(CNN) -- Comedy is hard; dying is easy. Any stand-up will tell you that.
Adam Sandler and Seth Rogen play comedians in "Funny People."
Let's have a hand, then, for Judd Apatow. Hollywood's most successful contemporary comedy producer isn't resting on his laurels but continues to push toward risky subject matter: male sexual insecurity in "The 40-Year-Old Virgin," unwanted pregnancy in "Knocked Up" -- and now the big C.
No, not cancer -- though Adam Sandler's superstar comedian George Simmons is stricken with an appropriately eccentric form of leukemia. No, this latest film's true subject is Celebrity and the funny things it does to people.
Apatow's most personal (and also most self-indulgent) film, "Funny People," shuffles between three competitive Angelino roommates scrambling to grasp a rung on the showbiz ladder (Seth Rogen, Jonah Hill, and Jason Schwartzman), Simmons' multimillion-dollar Malibu mansion and the L.A. comedy clubs that sometimes bridge the gap between anonymity and fame.
Apatow and Sandler know these worlds well enough. The movie begins, in fact, with old home video footage of young Adam goofing off, making prank phone calls while his roommate Judd sniggers behind the camera. It's one of the few times we see Sandler really having fun and cutting loose. This is mostly a restrained, subdued and admirably unsentimental performance.
It feels natural that Simmons -- faced with his dire prognosis -- should return to the comedy circuit to wrestle with his imminent extinction before a roomful of strangers, even as he decides to keep his condition a secret from everyone around him.
It's actually not so hard in his case because he doesn't have any real friends, only "showbiz friends."
The exception is Ira Wright (Rogen), a struggling young comic who lucks into a job as his hero's joke writer slash personal assistant. Simmons is by turns demanding, generous, friendly and abusive, and Ira couldn't be happier.
The cross-currents are intriguing: He's getting his first taste of the high life, just as George is trying to savor his last days by reliving his first steps on the circuit.
True to form, Apatow negotiates the perilous terrain of existential doubt with his fall-back weapon of choice, the penis joke. Some of these are choice (Ira's real last name is "Wiener," pronounced "Whiner"), but many, many more feel flabby and redundant.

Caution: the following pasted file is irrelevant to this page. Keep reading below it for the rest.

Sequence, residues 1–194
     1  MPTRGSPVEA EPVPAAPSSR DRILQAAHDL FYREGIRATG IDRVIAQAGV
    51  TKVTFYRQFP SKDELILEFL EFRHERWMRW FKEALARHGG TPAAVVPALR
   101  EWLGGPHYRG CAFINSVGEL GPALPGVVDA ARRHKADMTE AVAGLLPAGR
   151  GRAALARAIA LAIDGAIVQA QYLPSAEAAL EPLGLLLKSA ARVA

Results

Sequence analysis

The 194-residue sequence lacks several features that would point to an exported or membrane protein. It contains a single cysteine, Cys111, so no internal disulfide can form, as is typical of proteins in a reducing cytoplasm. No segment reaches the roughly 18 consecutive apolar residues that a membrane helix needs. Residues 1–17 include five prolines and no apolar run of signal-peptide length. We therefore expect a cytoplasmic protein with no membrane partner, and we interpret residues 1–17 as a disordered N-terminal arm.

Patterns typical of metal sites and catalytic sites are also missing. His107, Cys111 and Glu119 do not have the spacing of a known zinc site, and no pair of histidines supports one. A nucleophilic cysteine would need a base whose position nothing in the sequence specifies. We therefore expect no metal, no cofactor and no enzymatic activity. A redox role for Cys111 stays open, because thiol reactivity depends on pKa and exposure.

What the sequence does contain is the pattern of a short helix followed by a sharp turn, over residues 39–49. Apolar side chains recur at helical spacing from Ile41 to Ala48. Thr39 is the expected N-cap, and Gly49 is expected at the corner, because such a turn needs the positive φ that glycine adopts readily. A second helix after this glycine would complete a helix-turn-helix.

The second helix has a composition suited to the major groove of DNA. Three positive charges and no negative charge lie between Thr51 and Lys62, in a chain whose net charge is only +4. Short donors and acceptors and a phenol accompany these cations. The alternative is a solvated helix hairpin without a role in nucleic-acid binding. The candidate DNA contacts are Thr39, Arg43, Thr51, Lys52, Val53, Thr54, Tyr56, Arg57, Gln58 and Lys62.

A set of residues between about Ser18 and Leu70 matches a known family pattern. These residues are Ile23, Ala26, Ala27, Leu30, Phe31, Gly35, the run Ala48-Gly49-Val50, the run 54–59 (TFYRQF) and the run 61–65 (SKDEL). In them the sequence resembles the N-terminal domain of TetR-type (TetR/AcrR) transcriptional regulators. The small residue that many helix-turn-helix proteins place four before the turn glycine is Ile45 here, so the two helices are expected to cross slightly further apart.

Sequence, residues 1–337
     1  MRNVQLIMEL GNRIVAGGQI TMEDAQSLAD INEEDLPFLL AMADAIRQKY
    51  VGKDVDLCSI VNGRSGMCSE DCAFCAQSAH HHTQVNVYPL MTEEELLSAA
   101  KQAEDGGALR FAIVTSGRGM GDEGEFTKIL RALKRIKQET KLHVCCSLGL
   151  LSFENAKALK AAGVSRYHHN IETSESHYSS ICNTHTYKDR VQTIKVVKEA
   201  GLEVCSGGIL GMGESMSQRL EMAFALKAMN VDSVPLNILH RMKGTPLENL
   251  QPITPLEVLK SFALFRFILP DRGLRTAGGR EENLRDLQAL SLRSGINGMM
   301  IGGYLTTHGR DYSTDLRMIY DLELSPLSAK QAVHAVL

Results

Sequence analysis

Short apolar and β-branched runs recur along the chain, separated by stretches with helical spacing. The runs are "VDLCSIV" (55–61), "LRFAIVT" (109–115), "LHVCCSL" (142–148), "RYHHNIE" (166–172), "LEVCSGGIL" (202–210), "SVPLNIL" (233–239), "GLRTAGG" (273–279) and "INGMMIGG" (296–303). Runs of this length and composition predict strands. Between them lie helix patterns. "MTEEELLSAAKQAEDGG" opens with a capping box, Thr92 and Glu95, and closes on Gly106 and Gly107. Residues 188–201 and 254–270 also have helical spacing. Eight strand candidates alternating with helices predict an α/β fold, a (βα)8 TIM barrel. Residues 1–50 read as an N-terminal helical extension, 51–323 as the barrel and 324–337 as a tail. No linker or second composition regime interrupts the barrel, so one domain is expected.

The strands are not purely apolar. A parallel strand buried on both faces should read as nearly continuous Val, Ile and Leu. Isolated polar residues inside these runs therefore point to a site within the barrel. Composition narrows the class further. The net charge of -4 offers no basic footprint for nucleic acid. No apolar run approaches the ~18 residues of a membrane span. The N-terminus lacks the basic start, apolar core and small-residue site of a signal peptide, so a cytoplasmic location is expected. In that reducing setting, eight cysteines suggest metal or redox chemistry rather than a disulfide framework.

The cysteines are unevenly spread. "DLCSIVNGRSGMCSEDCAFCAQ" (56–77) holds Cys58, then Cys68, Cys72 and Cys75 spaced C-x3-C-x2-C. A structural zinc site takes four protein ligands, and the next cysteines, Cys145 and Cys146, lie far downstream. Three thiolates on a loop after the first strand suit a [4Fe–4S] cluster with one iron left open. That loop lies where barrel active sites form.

There's even an Andy Dick joke, in the form of Andy Dick himself -- one of several celebrity cameos, the oddest of which is surely Eminem, wondering aloud if George wouldn't be better off dead.
We must be approaching the 80-minute mark by then, about the time many comedies start wrapping things up. But it's a question that doesn't seem to have occurred to Simmons or the filmmakers before, and it spurs Apatow on to develop another hour of additional material in which George, miraculously recovered, pursues the love of his life (Leslie Mann), Ira in tow, without much consideration for her two daughters or her husband (Eric Bana). It's as if the movie bred its own sequel.
There's plenty of funny stuff here. Bana has a ball as the obtuse Aussie, but despite all the blue jokes, this is a more modulated, pensive effort than Apatow's previous hits.
He's improved, a little, as a director (perhaps the credit belongs to cinematographer Janusz Kaminski, who ensures that for once it doesn't all look like a sitcom), but Apatow is still in dire need of a good editor.
His instincts are generous. He wants to give us the six-course meal, and to go around the table, give everybody the chance to tell us a funny story. As a result "Funny People" is consistently entertaining but also rather grueling -- as if we're watching two or three different movies at the same time. At least one of these -- the tribulations of the young roomies -- we've seen before, and amusing as these guys are, they properly belong in the deleted scenes category.
But Apatow isn't one to kill his babies, that's for sure. He's more likely to write them an additional scene or three. (Mann is Mrs. Apatow, and their two daughters also figure large.)
Still, if you're not averse to too much of a good-ish thing, and can stomach another of those terminal Hollywood illnesses that leaves the patient with no discernible ill-effects, "Funny People" is a fairly shrewd and nonjudgmental dissection of how celebrity skews and contaminates even the most intimate relationships.
The rich and famous aren't the only narcissists in this game, it seems. We're all a bit funny that way.
"Funny People" is rated R and runs 146 minutes. For Entertainment Weekly's take, click here.